A little inflation is good for debtors; I wonder who might have a problem with that.
posted by LastOfHisKind at 6:09 PM on January 3, 2012


I remember with the WIN buttons came out. And insofar that half of the problem with the economy is based on pessimism, Ford's and his advisors' hearts were in the right place, but in the wrong era. Had it been done 40 years earlier, it might have gained a bit more traction. (Think "Happy Days are Here Again," "Somewhere Over the Rainbow," and "Prosperity is Just Around the Corner.")

Coming after the social and political turbulence of the 60's and the political corruption of the early 70's, the WIN Button will be remembered by historians as an indication that we had moved into a completely different mindset from the world of the Great Depression and FDR, one where we were much more jaded and media-savvy.
posted by crunchland at 6:40 PM on January 3, 2012 [2 favorites]


crunchland: "Morning in America"
posted by Grimgrin at 6:44 PM on January 3, 2012


Ford is one reason I was so grateful for Reagan.
posted by St. Alia of the Bunnies at 7:18 PM on January 3, 2012 [2 favorites]


And Reagan is one reason I was so grateful for Clinton, and Dubya, Obama.
posted by crunchland at 7:24 PM on January 3, 2012


Ford is one reason I was so grateful for Reagan.

Wasn't there a guy named Carter in between?
posted by delmoi at 7:27 PM on January 3, 2012


Delmoi, Carter is the other reason.
posted by St. Alia of the Bunnies at 7:38 PM on January 3, 2012 [2 favorites]


Inflation was out of control during Nixon and Ford, and it was Carter's fault. Sound familiar?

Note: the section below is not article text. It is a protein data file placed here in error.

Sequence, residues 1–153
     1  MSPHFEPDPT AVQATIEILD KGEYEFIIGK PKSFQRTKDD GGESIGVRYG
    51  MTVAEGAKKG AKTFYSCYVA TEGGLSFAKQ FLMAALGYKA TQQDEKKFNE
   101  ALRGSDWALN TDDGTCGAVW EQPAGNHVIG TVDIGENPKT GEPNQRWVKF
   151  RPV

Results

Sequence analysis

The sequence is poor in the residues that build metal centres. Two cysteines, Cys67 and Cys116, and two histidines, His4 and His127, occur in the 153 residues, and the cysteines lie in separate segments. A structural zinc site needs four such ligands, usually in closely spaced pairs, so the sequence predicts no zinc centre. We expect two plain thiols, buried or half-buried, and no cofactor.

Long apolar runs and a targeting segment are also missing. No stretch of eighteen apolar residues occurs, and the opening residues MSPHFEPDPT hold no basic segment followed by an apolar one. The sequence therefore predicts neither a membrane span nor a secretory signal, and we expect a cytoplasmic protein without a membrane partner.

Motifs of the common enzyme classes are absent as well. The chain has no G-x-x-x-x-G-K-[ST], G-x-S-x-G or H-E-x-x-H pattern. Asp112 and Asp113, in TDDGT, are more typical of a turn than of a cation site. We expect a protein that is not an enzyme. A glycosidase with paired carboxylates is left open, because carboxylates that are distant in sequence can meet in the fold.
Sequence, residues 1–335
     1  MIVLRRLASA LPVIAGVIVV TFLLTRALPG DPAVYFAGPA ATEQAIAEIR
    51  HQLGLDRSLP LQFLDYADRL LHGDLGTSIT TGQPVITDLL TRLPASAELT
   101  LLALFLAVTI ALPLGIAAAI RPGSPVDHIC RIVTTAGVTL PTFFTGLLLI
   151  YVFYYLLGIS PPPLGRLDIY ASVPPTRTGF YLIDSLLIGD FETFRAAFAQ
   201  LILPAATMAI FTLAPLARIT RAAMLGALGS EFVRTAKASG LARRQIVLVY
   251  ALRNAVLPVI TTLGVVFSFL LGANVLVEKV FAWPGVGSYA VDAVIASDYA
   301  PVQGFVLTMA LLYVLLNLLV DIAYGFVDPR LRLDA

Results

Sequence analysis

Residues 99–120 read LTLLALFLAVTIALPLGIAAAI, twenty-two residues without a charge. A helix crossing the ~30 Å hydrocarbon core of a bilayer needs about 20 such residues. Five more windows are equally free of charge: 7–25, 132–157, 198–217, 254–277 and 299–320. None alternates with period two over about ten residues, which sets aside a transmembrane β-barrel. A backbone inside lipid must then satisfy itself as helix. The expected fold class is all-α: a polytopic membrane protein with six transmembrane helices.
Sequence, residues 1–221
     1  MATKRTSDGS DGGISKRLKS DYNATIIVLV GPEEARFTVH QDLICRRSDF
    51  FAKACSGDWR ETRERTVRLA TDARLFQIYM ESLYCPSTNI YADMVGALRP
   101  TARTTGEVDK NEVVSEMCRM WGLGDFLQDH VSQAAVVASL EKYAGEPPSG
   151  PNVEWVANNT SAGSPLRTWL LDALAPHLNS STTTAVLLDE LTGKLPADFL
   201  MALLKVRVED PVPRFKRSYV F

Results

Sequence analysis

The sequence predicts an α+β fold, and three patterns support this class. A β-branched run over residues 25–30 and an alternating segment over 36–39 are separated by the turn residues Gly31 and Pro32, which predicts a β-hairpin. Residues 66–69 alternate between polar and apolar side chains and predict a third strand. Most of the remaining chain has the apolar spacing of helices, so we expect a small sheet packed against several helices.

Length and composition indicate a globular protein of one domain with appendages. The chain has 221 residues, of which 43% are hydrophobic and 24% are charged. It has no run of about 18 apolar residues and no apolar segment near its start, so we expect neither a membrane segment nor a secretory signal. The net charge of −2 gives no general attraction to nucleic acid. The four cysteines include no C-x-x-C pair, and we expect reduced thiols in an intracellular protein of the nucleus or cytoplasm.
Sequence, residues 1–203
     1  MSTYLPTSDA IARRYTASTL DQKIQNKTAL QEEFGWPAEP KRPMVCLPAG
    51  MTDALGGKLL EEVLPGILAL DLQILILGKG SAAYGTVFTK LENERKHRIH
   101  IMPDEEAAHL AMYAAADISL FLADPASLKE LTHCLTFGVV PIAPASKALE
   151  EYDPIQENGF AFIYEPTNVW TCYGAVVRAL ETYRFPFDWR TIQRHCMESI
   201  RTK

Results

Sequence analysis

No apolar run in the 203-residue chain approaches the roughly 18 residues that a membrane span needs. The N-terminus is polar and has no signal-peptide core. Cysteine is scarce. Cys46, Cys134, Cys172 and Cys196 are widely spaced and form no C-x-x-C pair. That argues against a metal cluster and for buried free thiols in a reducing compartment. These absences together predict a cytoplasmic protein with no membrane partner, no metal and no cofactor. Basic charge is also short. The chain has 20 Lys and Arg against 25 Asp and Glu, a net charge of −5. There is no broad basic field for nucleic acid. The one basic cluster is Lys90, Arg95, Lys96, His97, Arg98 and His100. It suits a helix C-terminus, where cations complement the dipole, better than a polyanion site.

posted by dglynn at 7:43 PM on January 3, 2012 [1 favorite]


Metafilter: so grateful for Reagan.
posted by Burhanistan at 7:50 PM on January 3, 2012


dglynn, no it doesn't sound familiar. Did someone say that?
posted by Orange Pamplemousse at 7:58 PM on January 3, 2012


> was the lion's share of what got us where we are right now

Well, yeah -- so it also got the recently indecently rich where _they_ are right now.
No wonder they recommend doing it again, more, forever.
1987
posted by hank at 8:34 PM on January 3, 2012 [2 favorites]


I thought Reagan was idiotic in claiming that ketchup was a vegetable. Now I'm reminded that Ford seemed to think cotton was food.
posted by Kirth Gerson at 4:32 AM on January 4, 2012


Did someone say that?

Yes. Herds of Republicans were saying for decades that everything was Carter's fault
posted by Kirth Gerson at 4:33 AM on January 4, 2012


On initial reading of this post, I missed the first sentence and was sure it was said by Kanye West.
posted by troika at 6:55 AM on January 4, 2012